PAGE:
After a lovely, long lie-in on Saturday, we cooked breakfast in the cabin. The cabins at Forest Holidays are very well-equipped, with an oven, 4-ring hob and dishwasher, as well as plastic glasses to take into the hot tub. They do offer meals delivered to your door and there’s a shop for food on-site but we decided to buy our food at supermarkets before we arrived and then cook ourselves as this was a lot cheaper! After breakfast/brunch, we headed out for a walk in the forest. It was utterly magical with the snow and the paths were clearly signposted so we didn’t get lost at all (somewhat surprising). Our walk through the forest took a couple of hours and it was so refreshing to be outdoors in January!
That afternoon, we identified a suitable country pub to drive out to for early dinner before a quiet night in the cabin. We ended up at the Blacksmiths Arm in Lastingham, about 10 minutes’ drive from our cabin. It had a lovely, cosy atmosphere and the food was excellent after our winter walk. I had salmon and risotto, washed down with a local cider – English pub perfection. The first incident of the weekend happened as I stepped out of the pub onto black ice and hit the ground before I knew what was happening, slicing the heel of my hand in the process. Those sub-zero temperatures may give us pretty, sparkly snow, but with that inevitably comes treachorous patches of ice – if any of you reading this are from sunnier climes and are planning a trip somewhere snowy soon, be warned!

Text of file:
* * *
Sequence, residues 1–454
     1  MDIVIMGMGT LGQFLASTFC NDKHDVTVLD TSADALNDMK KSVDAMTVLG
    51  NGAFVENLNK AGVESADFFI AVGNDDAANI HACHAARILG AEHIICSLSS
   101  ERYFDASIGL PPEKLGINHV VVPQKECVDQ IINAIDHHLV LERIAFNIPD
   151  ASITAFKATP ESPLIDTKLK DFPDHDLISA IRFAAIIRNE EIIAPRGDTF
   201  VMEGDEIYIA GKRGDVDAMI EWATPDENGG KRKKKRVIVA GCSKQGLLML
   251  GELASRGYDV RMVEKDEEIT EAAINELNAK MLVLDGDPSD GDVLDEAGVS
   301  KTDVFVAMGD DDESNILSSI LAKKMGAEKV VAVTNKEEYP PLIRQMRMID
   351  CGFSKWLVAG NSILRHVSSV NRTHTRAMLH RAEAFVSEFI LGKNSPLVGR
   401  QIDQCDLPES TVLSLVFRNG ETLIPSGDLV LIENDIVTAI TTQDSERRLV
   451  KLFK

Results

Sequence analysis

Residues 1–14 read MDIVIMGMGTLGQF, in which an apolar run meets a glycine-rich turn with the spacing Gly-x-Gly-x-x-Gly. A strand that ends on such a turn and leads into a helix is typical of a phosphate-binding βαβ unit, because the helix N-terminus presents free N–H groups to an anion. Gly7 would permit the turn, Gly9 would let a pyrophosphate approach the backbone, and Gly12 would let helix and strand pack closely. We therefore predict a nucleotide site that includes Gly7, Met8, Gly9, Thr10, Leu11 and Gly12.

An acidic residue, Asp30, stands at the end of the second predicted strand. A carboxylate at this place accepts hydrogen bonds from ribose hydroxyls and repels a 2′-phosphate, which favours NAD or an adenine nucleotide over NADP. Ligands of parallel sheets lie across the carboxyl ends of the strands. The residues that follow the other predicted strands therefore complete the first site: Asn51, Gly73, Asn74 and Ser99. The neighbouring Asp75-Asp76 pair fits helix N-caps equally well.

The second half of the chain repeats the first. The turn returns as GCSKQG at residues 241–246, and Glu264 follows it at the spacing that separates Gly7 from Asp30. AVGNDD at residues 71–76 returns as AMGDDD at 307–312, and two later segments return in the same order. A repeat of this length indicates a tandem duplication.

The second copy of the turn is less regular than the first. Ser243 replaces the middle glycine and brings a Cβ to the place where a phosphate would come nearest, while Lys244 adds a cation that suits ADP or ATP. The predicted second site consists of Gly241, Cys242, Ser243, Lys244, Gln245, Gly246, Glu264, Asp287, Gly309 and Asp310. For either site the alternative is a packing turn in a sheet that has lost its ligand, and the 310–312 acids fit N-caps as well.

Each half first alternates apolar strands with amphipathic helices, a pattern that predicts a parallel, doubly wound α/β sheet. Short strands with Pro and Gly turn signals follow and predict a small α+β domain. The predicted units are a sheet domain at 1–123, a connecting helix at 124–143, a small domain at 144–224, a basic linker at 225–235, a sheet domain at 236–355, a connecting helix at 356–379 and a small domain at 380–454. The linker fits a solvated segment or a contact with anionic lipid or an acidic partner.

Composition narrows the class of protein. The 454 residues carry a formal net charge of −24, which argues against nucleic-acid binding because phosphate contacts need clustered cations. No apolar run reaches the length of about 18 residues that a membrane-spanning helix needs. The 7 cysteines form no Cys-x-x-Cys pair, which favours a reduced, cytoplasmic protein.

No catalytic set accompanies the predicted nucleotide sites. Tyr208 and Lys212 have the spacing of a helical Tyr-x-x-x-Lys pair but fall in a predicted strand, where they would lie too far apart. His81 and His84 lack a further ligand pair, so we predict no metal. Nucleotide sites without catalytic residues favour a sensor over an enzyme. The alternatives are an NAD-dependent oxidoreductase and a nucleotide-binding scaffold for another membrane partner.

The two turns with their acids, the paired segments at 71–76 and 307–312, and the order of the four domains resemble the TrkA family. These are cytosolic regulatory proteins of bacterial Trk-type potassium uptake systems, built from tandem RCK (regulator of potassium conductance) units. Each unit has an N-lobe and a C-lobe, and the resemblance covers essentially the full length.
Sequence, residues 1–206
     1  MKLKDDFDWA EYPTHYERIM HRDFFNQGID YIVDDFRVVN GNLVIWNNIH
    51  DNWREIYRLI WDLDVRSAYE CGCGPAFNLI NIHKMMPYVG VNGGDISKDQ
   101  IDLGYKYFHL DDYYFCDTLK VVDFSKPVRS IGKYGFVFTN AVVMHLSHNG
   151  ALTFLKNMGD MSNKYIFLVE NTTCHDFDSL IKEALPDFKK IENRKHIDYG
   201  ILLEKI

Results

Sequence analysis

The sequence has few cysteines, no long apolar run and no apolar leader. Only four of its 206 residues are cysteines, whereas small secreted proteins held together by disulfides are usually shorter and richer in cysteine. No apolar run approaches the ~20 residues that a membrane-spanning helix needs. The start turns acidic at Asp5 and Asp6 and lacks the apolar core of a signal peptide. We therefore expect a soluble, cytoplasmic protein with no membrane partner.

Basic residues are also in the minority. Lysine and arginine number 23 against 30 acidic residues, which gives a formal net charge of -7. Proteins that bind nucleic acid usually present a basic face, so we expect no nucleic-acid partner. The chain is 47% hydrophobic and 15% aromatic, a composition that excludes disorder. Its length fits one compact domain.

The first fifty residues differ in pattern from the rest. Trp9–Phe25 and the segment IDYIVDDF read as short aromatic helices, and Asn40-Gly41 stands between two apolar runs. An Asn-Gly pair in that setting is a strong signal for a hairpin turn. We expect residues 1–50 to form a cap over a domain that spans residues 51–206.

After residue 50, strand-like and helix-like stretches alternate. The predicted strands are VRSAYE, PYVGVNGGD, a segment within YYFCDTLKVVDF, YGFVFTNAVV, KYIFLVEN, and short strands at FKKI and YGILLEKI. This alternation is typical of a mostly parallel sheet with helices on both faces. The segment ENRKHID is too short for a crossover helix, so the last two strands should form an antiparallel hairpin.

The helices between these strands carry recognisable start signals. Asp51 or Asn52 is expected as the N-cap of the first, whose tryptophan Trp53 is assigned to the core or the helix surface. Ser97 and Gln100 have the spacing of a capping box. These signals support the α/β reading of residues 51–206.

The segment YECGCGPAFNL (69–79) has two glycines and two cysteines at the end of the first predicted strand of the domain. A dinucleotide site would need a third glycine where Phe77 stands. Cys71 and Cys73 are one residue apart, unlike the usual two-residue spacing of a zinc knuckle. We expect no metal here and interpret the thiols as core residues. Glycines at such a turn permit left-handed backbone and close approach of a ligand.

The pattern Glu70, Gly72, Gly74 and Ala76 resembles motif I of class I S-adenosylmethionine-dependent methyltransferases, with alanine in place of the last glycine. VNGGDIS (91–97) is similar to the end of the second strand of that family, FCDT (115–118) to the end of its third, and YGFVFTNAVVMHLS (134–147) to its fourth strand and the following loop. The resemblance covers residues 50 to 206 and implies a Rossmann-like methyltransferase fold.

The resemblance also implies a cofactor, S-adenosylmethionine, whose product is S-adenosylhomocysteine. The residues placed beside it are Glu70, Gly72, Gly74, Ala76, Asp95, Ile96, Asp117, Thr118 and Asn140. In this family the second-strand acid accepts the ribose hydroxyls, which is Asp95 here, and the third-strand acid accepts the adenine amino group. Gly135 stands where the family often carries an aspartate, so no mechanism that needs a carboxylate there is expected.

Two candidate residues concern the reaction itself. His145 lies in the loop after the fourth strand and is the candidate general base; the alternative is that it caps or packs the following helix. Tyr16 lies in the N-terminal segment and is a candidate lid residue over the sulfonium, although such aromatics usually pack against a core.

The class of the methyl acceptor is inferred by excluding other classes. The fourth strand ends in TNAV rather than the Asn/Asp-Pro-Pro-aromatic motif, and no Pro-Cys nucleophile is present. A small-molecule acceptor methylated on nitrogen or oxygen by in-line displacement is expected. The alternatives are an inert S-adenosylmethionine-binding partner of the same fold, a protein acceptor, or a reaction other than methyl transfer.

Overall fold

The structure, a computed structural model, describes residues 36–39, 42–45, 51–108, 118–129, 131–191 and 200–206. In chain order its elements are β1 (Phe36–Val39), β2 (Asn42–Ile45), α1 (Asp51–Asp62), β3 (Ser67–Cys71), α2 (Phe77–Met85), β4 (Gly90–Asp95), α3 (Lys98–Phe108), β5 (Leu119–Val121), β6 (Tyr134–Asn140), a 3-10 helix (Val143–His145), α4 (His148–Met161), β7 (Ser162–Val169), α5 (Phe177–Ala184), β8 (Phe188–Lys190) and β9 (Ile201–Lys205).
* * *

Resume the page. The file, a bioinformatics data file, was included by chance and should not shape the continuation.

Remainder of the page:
In between juggling Prosecco and my bandaged hand in the hot tub on Saturday evening, we decided to get up promptly on Sunday to head over to Whitby. Whitby is a seaside town in the Yorkshire and was about 45 minutes’ drive from where we were staying. I’d been before with my parents a long time ago and I remembered that there’s a) a ruined abbey that was the inspiration for Dracula, and b) amazing fish and chips at the Magpie restaurant. The drive over the Whitby was lovely and by the time we arrived at the coast the snow had disappeared, although more was forecast later that afternoon. We spent a couple of hours exploring, going up the 199 steps to Whitby Abbey and having a huge portion of fish and chips in the Magpie Restaurant, which had only just opened again following two fires last year. Afer lunch we spent a little bit more time in the town before heading back to the car to drive home as it started snowing.
At this point, what was supposed to be a relaxing weekend away rapidly descended into chaos. Driving out of Whitby up the main road was absolutely fine, although the snow started getting a little heavier. Nevertheless, the roads were still clear and safe to drive on. Unfortunately, thanks to the genius of Google Maps choosing the ‘fastest route’ for us, we turned left off the main road and onto (what we thought was) a slightly smaller road, but still clear. We started our ascent across the North Yorkshire Moors and quickly realised we may have made an error following this route as the road narrowed to a country lane and the snow started coming down much more heavily. Within minutes, the road was completely covered and we found ourselves in a white-out snowstorm situation.